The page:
During the Arab Spring uprisings last year, Iranian women's groups circulated a cautionary video, “Message from Iranian Women for Tunisian and Egyptian Women.” The film depicted how Iranian women's lives changed dramatically after the Islamic Revolution of 1979 and warned Tunisian and Egyptian women that the same thing could happen to them if the religious party, the Muslim Brotherhood, gained majorities in their countries.
During the reign of Shah Reza Pahlavi, Iranian women had made progress in the traditionally male-oriented region. They wore whatever they wanted in public and have been allowed to vote since 1963.
Under the ayatollahs, however, the hijab — the headscarf worn by Muslim women — immediately became mandatory, and Islamic law was introduced and strictly enforced. For example, the minimum age of marriage for women was changed from 18 to nine — although it has since been raised to 13 after protests by activists.
Polygamy has increased, as has the so-called temporary marriage (mut'a), a verbal, short-term relationship for a pre-determined period, with no divorce necessary to end it. Permitted under Shiite Muslim law, the mut'a is seen by many as prostitution under another name, because a dowry is one of its prerequisites.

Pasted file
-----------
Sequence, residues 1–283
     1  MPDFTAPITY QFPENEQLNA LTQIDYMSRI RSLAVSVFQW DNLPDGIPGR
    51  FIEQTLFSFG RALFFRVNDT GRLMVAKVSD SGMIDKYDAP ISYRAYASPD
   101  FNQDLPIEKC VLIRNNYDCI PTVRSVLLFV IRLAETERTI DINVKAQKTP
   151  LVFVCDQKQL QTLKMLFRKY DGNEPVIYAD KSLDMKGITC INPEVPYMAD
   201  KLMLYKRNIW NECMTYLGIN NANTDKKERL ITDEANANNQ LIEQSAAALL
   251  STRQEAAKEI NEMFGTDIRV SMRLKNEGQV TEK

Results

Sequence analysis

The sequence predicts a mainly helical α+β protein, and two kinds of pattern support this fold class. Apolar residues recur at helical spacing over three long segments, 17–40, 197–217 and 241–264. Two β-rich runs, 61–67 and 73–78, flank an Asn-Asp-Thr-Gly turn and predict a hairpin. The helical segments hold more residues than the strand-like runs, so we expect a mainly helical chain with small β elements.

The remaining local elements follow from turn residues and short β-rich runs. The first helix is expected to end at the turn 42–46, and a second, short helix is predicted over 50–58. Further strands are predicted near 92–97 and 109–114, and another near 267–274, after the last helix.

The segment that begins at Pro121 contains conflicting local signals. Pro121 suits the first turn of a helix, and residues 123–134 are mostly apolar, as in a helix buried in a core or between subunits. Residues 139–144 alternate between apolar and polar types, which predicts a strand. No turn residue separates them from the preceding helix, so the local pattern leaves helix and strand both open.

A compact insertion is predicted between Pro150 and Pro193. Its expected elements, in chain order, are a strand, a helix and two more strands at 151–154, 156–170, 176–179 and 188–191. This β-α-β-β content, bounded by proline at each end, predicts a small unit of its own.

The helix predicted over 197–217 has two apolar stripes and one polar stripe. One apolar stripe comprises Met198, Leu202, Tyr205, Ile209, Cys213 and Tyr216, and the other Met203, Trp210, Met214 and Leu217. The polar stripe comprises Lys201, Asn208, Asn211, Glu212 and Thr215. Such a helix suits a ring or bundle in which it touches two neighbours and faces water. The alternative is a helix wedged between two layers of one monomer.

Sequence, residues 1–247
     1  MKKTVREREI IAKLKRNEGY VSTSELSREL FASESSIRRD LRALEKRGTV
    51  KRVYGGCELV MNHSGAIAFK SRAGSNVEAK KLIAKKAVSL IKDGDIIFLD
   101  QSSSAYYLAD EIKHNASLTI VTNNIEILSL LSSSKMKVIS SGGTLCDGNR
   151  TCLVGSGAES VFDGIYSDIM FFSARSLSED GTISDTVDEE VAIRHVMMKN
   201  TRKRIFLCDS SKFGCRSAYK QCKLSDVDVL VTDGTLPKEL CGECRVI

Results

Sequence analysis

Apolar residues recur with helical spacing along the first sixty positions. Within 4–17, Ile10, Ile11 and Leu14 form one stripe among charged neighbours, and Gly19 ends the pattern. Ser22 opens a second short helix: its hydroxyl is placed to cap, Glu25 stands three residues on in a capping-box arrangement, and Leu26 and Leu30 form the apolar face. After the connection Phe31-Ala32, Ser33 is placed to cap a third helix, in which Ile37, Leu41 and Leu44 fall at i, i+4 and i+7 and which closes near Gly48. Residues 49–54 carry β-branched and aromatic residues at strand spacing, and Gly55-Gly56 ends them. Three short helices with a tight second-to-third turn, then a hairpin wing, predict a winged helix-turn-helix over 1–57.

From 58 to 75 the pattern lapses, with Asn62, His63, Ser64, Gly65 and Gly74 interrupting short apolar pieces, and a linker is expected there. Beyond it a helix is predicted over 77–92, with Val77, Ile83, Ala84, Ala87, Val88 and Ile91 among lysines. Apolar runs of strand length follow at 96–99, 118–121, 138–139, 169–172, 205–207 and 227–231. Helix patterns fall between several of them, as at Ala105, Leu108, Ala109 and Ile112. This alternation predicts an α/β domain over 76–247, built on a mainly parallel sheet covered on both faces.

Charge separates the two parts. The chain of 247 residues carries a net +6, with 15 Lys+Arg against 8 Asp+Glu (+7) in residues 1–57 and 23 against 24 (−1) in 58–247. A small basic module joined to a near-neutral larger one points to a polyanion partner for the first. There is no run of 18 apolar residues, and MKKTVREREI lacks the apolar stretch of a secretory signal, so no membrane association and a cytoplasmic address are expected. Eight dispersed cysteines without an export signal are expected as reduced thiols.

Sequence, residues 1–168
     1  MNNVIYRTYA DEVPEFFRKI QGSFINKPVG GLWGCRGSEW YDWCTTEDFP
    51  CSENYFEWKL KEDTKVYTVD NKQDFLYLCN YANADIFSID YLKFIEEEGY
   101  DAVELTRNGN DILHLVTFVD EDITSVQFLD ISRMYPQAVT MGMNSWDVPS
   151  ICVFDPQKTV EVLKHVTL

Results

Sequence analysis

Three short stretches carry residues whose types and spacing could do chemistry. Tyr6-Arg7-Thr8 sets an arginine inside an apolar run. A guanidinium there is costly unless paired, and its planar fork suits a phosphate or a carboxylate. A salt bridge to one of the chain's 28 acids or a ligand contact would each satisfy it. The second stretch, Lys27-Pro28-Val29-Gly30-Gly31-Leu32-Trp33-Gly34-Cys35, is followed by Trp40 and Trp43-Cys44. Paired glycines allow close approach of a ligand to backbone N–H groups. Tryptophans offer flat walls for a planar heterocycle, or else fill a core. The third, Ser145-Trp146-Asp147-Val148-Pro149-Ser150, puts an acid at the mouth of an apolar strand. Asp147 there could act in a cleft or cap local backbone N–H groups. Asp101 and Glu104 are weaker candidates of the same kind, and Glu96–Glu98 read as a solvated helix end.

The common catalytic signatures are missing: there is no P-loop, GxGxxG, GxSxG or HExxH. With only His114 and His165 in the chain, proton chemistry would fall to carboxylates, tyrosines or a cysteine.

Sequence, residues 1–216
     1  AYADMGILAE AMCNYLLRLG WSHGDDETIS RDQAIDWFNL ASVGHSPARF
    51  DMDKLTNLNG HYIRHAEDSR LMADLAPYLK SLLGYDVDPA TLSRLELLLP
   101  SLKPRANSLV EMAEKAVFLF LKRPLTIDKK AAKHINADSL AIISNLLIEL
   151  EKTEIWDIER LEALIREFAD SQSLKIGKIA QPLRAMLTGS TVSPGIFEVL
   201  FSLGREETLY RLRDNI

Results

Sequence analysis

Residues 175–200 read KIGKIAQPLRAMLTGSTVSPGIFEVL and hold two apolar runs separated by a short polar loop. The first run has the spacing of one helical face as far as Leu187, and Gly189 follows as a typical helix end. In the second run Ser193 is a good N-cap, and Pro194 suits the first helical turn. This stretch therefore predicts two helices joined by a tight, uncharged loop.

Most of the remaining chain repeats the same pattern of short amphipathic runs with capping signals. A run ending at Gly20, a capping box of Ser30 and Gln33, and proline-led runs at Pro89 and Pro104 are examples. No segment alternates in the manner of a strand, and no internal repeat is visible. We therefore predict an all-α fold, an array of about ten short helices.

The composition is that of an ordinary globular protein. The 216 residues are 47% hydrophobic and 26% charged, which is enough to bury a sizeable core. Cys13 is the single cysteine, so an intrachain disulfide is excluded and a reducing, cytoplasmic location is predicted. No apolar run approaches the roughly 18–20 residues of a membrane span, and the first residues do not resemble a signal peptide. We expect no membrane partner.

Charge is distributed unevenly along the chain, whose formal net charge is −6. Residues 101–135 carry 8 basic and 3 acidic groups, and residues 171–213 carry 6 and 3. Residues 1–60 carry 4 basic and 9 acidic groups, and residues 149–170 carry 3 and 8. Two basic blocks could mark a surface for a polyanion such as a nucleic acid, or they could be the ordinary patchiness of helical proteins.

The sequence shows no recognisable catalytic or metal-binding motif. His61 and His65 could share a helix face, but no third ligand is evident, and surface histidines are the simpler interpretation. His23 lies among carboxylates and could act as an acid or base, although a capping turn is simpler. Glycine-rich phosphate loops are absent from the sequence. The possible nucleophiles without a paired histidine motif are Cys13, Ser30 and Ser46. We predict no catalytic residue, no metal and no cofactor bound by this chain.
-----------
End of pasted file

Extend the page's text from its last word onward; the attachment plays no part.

The changes helped to spark the One Million Signatures Campaign, a grass-roots Iranian feminist effort to convince Iran's parliament to change marriage, divorce, custody and inheritance laws that discriminate against women.
The movement also wants to improve the legal position of women who are sex-crime victims. A married Iranian woman who is raped is considered to have committed adultery and can be stoned to death. If she kills her aggressor, she can be tried for murder. If she is unmarried, she could end up being killed by a male family member to avoid bringing shame on the family name. Such so-called honor killings are more a patriarchal custom than a practice condoned by the Quran.
Female supporters of Mir Hossein Mousavi, Iran's reformist candidate in the 2009 presidential election, show off their fingers and nails — painted green, the color of Mousavi's campaign — during a Tehran rally on June 9, 2009. Iranian women, who have been able to vote since before the 1979 Islamic Revolution, played a big part in the so-called Green Movement — anti-government demonstrations that challenged Mousavi's defeat by President Mahmoud Ahmadinejad. The movement was brutally suppressed by the government. (AFP/Getty Images/Atta Kenare)
But that's not the full picture, according to Sussan Tahmasebi, an American-born Iranian who helped launch the campaign. “We have female doctors, we have politicians, MPs (members of parliament),” she said. “It's paradoxical that, despite these achievements, discrimination against women is embedded in the legal system, and that lawmakers justify it by saying it's based on religion.”